What do you think of when you look up at the stars in the sky?
I think about the beauty of the night sky. Especially from the remote countryside away from city lights, nothing is more
beautiful than the Milky Way and its companions, the two Magellanic Clouds. Behind our galaxy, invisible to the naked eye, are billions of other galaxies and I wonder what they are made of and how they were created. Gazing up at the sky is like looking into the past, and it enables us to study the evolution of the Universe.
I work at the Australia Telescope National Facility (ATNF) run by CSIRO. Most of the time I work in Sydney, but I also visit our radio telescopes, including those at Parkes and Narrabri in country NSW.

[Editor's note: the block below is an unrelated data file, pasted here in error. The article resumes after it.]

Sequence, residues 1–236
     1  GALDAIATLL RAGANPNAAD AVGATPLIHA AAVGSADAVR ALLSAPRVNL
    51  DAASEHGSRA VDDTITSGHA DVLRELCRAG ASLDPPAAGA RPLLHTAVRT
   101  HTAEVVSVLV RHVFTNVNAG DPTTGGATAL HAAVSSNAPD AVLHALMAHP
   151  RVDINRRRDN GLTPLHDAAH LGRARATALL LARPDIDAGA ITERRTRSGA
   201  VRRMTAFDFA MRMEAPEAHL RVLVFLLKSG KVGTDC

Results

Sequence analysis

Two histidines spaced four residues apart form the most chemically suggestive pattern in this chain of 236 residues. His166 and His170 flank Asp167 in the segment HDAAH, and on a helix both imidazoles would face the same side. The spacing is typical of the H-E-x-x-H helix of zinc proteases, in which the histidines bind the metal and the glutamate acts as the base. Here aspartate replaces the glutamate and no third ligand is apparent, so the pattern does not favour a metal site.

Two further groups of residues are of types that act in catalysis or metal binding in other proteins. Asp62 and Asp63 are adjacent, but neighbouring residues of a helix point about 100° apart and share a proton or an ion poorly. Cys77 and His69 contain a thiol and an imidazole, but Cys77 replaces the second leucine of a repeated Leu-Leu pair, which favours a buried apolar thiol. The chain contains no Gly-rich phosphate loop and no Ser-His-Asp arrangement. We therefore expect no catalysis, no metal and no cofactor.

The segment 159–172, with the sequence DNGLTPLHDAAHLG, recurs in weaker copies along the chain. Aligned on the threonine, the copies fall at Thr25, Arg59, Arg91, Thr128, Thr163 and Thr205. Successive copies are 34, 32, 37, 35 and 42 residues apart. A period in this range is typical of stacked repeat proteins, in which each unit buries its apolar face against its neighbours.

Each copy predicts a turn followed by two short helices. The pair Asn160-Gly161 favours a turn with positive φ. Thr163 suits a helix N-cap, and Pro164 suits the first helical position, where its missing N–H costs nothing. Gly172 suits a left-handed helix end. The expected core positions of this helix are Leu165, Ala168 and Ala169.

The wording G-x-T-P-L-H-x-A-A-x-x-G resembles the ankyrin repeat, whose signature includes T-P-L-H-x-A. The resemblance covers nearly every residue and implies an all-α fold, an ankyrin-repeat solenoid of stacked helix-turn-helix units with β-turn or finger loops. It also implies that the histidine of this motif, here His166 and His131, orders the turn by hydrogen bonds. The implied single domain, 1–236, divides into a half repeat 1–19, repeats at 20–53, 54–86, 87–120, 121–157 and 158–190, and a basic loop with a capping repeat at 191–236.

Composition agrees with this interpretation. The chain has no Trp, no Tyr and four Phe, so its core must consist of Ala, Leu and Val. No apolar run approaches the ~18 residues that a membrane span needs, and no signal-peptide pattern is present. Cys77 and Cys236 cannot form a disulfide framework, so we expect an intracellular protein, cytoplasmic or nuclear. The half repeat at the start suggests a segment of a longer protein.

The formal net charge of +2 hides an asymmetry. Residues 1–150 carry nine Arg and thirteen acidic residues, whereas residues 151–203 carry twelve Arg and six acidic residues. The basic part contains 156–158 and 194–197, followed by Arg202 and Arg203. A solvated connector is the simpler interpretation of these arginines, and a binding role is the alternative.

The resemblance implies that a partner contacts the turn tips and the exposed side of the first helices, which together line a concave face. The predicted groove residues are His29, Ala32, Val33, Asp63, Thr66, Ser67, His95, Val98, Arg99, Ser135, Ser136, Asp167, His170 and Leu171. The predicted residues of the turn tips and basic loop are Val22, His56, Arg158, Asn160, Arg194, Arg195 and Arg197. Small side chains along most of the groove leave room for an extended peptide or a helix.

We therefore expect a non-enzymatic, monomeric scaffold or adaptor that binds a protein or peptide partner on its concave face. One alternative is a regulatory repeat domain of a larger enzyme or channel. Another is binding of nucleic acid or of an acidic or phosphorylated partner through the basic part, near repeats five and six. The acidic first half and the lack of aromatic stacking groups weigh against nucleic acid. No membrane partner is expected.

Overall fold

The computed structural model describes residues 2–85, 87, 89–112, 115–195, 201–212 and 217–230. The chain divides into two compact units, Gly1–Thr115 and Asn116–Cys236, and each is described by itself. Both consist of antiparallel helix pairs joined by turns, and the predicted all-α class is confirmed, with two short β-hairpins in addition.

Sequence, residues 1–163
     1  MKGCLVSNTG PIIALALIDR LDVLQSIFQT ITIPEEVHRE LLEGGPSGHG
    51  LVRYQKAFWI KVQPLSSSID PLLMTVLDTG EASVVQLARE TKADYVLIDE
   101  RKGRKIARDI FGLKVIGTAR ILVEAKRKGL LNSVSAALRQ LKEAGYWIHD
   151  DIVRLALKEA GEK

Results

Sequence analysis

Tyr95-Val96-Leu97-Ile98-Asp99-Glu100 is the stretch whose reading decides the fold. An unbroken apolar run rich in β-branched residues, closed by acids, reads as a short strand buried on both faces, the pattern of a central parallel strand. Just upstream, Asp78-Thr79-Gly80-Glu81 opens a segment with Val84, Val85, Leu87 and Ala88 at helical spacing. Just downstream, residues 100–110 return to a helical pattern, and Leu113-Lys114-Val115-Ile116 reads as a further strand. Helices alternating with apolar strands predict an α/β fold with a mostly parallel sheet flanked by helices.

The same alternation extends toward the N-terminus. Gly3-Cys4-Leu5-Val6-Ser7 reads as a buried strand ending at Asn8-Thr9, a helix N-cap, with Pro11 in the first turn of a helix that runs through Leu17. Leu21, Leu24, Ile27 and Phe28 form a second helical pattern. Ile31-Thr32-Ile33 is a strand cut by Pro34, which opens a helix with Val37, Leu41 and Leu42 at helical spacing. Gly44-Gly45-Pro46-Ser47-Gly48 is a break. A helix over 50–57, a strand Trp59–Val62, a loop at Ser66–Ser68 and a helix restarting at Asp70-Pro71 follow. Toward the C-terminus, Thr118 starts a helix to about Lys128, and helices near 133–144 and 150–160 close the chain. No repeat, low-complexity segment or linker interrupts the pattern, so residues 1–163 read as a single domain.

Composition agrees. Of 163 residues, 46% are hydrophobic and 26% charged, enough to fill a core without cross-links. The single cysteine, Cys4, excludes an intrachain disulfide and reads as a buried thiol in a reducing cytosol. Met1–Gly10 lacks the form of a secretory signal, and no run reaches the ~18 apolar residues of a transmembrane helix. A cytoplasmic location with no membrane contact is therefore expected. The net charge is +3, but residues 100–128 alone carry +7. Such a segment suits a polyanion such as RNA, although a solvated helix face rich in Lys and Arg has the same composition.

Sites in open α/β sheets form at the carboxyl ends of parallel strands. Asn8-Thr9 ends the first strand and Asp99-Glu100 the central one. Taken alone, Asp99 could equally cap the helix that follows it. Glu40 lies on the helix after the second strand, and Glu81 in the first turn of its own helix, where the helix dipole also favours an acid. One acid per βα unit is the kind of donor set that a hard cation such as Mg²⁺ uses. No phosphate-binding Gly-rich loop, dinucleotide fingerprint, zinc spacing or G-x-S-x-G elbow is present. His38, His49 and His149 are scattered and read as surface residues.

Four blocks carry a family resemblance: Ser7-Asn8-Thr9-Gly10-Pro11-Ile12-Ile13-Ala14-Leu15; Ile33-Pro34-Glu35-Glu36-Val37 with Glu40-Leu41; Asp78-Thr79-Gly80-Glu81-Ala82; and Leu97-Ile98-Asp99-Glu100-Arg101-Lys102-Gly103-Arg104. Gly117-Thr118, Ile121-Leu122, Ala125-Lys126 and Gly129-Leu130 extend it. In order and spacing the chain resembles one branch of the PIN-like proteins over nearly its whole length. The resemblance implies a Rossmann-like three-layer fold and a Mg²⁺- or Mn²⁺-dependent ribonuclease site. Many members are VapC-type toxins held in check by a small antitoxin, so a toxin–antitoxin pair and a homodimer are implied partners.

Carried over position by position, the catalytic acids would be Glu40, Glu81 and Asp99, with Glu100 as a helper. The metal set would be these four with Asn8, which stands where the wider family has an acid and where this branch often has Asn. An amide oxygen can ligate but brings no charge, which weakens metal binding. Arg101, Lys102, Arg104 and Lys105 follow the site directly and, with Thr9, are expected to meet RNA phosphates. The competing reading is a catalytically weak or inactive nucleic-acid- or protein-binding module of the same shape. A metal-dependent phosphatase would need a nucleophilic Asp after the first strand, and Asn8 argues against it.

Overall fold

My work is mostly driven by scientific curiosity, but it uses and develops the laws of physics and chemistry to understand how the Earth, the solar system, our galaxy, and the universe were created and how they are evolving.
I loved mathematics in school, and the best way to apply maths to the real world is with physics. So I studied physics at the University of Bonn in Germany, as well as a few courses in chemistry, geodesy and radiology. After gaining a diploma in physics and a PhD in astronomy, I came to Australia because I wanted to use the telescopes at the ATNF.
My colleagues and I work hard, sometimes day and night and many weekends, but the times are flexible and there is always the exciting possibility of discovering a new galaxy.
Science is not usually a big money career, but it's fun. You can learn a lot, discover new things, work with people all over the world, and maybe even help make the world a better place.
Copyright 1997 Nancy Mills, PO Box 18166, Collins St East, Melbourne, VIC 8003
Page last updated 31 May 2000